Lip-synching for the soldiers.

Lip-synching for the soldiers.

Trudy goes to the dance, and she jitterbugs the night away, but unwisely, she decides to drink a lot of champagne, and during one jitterbug number, she is lifted too high and hits her head on a light fixture!  Time jumps ahead to 8:00 a.m. and  poor Norval has waited patiently for Trudy to arrive at the movie theatre!  Norval takes over the driving duties as he can tell Trudy is slightly hungover and confused as she can’t recall why she didn’t pick Norval up as planned.  When they arrive at Trudy’s house they are  greeted by a rampaging dad who races out the front door.  Constable Kockenlocker wants to throttle Norval for keeping his daughter out all night.  Trudy tries to calm her dad and tells him that they were at the movies, which doesn’t help as he knows the movie theater closes before midnight.  As he tries to grab Norval and beat him to a pulp, Trudy and her kid sister Emmy(Diana Lynn) grab their dad, and force him to the ground and pin him by sitting on him so Norval can escape!

Trudy enjoying herself at the soldiers' party!

Trudy enjoying herself at the soldiers’ party!

Officer Kockenlocker trying to get at Norval!

Officer Kockenlocker trying to get at Norval!

Later that day, Trudy starts to recall to Emmy bits and pieces about her fuzzy evening experiences.  Trudy recalls a wedding ceremony in front of a Justice of the Peace, but that she didn’t use her real name and she can’t recall who the groom was, just that he was a soldier!  There is also a wedding ring on the third finger of her left hand.  A few more weeks go by and Trudy discovers that she is expecting a baby!!  Norval comes to the rescue, not knowing that Trudy is expecting another man’s child, but as Trudy decides that she will need a husband, she encourages Norval’s love for her.  Then, she actually does fall in love with Norval, but she doesn’t want him to marry her when her first marriage is still legally binding, so the two of them hatch a crazy plan.  Trudy thinks the soldier she married had the last name of Ratzkiwatzki.  Norval, who is 4F, agrees to wear a relative’s old World War I uniform and then he and Trudy will drive 25 miles away to the Honeymoon Hotel and have the Justice of the Peace marry them.  After a week or two, Trudy can file for divorce from “Ratzkiwatzki”, and then she and Norval can have a proper wedding ceremony.   Simple plan, right? Wrong!  Norval messes up when signing the wedding license and writes his real name, not “Ratzkiwatzki” and the Justice of the Peace catches the mistake.  Police are called, Trudy has to fess up to her father about the soldiers’ party, the marriage, the baby on the way, that she really loves Norval who wants to marry her.  I won’t reveal the solutions to this crazy situation or even what the “miracle” is but if you do find this movie and watch it, I guarantee you’ll have an enjoyable time!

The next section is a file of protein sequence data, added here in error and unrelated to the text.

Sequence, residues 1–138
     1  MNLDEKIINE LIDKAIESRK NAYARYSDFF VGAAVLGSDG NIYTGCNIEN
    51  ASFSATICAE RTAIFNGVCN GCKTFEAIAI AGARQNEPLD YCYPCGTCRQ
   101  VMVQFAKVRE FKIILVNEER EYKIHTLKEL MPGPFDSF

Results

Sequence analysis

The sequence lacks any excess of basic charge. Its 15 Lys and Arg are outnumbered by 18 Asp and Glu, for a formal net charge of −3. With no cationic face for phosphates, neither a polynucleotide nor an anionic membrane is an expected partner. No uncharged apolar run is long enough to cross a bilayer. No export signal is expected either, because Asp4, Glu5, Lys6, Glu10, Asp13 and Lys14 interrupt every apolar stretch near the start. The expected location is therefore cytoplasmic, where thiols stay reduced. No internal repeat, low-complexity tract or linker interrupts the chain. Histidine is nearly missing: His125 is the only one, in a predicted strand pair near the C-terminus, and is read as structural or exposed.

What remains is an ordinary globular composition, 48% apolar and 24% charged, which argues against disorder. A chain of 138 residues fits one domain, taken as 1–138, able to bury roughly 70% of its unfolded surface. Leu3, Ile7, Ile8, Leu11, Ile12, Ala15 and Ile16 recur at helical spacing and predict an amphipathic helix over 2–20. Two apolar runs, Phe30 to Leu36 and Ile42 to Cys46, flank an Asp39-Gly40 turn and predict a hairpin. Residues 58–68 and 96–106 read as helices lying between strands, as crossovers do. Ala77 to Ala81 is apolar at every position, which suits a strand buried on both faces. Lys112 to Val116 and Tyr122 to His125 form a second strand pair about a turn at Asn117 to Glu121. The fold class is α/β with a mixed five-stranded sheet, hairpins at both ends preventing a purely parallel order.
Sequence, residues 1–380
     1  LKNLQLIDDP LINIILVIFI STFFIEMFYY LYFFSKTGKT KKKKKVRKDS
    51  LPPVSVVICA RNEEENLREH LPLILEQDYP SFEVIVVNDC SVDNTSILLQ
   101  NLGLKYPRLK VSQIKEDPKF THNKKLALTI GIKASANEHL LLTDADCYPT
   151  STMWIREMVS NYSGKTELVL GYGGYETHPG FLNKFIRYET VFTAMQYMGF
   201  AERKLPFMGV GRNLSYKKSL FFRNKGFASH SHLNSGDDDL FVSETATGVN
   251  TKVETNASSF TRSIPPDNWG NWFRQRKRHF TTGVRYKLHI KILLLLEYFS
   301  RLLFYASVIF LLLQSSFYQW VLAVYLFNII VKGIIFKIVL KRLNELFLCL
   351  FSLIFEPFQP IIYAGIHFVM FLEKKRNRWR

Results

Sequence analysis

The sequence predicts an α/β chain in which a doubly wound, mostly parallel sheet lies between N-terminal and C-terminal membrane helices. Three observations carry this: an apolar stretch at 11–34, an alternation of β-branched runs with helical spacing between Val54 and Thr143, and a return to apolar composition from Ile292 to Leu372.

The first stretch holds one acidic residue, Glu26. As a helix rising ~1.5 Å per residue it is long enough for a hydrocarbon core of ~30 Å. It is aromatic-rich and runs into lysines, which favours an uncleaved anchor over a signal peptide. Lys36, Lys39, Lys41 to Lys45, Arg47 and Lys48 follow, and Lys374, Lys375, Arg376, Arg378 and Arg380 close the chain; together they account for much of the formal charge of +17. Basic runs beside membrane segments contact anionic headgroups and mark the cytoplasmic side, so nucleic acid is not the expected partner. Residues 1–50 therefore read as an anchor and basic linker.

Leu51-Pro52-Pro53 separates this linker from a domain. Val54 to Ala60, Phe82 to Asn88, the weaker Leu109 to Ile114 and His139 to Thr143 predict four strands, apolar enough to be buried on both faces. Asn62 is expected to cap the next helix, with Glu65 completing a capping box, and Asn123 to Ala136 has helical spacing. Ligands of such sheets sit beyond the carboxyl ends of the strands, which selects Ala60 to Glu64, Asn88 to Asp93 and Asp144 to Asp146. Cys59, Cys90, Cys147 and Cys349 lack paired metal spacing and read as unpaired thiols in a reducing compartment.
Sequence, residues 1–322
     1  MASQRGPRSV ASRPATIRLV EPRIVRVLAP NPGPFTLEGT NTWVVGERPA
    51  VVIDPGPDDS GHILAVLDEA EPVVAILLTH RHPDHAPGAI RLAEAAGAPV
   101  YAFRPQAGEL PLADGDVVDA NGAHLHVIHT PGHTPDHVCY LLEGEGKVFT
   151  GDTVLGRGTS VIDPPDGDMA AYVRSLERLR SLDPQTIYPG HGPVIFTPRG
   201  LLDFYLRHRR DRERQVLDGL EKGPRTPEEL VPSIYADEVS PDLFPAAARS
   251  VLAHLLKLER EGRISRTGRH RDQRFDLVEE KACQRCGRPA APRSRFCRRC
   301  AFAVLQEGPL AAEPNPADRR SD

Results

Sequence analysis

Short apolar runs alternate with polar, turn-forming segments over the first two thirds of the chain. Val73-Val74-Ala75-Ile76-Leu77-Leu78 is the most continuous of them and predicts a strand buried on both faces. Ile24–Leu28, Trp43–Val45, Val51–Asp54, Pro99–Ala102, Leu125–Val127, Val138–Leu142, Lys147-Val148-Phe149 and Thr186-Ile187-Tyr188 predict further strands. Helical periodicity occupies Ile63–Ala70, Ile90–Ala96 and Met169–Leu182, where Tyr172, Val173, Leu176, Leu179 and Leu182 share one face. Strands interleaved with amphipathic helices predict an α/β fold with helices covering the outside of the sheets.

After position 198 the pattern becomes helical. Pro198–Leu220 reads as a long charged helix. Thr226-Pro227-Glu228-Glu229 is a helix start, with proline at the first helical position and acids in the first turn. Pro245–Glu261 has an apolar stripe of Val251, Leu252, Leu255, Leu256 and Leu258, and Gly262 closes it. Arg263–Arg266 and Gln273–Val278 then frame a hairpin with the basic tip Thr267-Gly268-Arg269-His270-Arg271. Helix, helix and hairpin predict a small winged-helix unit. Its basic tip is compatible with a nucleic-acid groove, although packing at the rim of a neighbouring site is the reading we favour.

A publicity shot for The Miracle of Morgan's Creek.

A publicity shot for The Miracle of Morgan’s Creek.

2nd movie poster for TMOMC

Trudy and Norval at the Justice of the Peace's home.

Trudy and Norval at the Justice of the Peace’s home.

The Miracle of Morgan’s Creek cost Paramount Studios $775,000 to make and earned them a nice box office profit of $9 million.  Audiences loved this nutty film and Sturges was nominated in 1945 for an Academy Award for Best Original Screenplay.   In 2001, the movie was selected to be preserved in the National Film Registry by the Library of Congress and it was #54 on the American Film Institute’s List of Top 100 Comedic Films.    It was put on dvd in 2001 so one can purchase it via Amazon or Turner Classic Movies Shop TCM which is on their online site, and it is available to view through Netflix.  Turner Classic Movies also airs it so check their schedule, also on their online site.  Lastly, a kind soul put up some clips from the movie on Youtube.

My Classic Movie Pick: Hail the Conquering Hero

Hail the Conquering Hero

Hail the Conquering Hero (Photo credit: Wikipedia)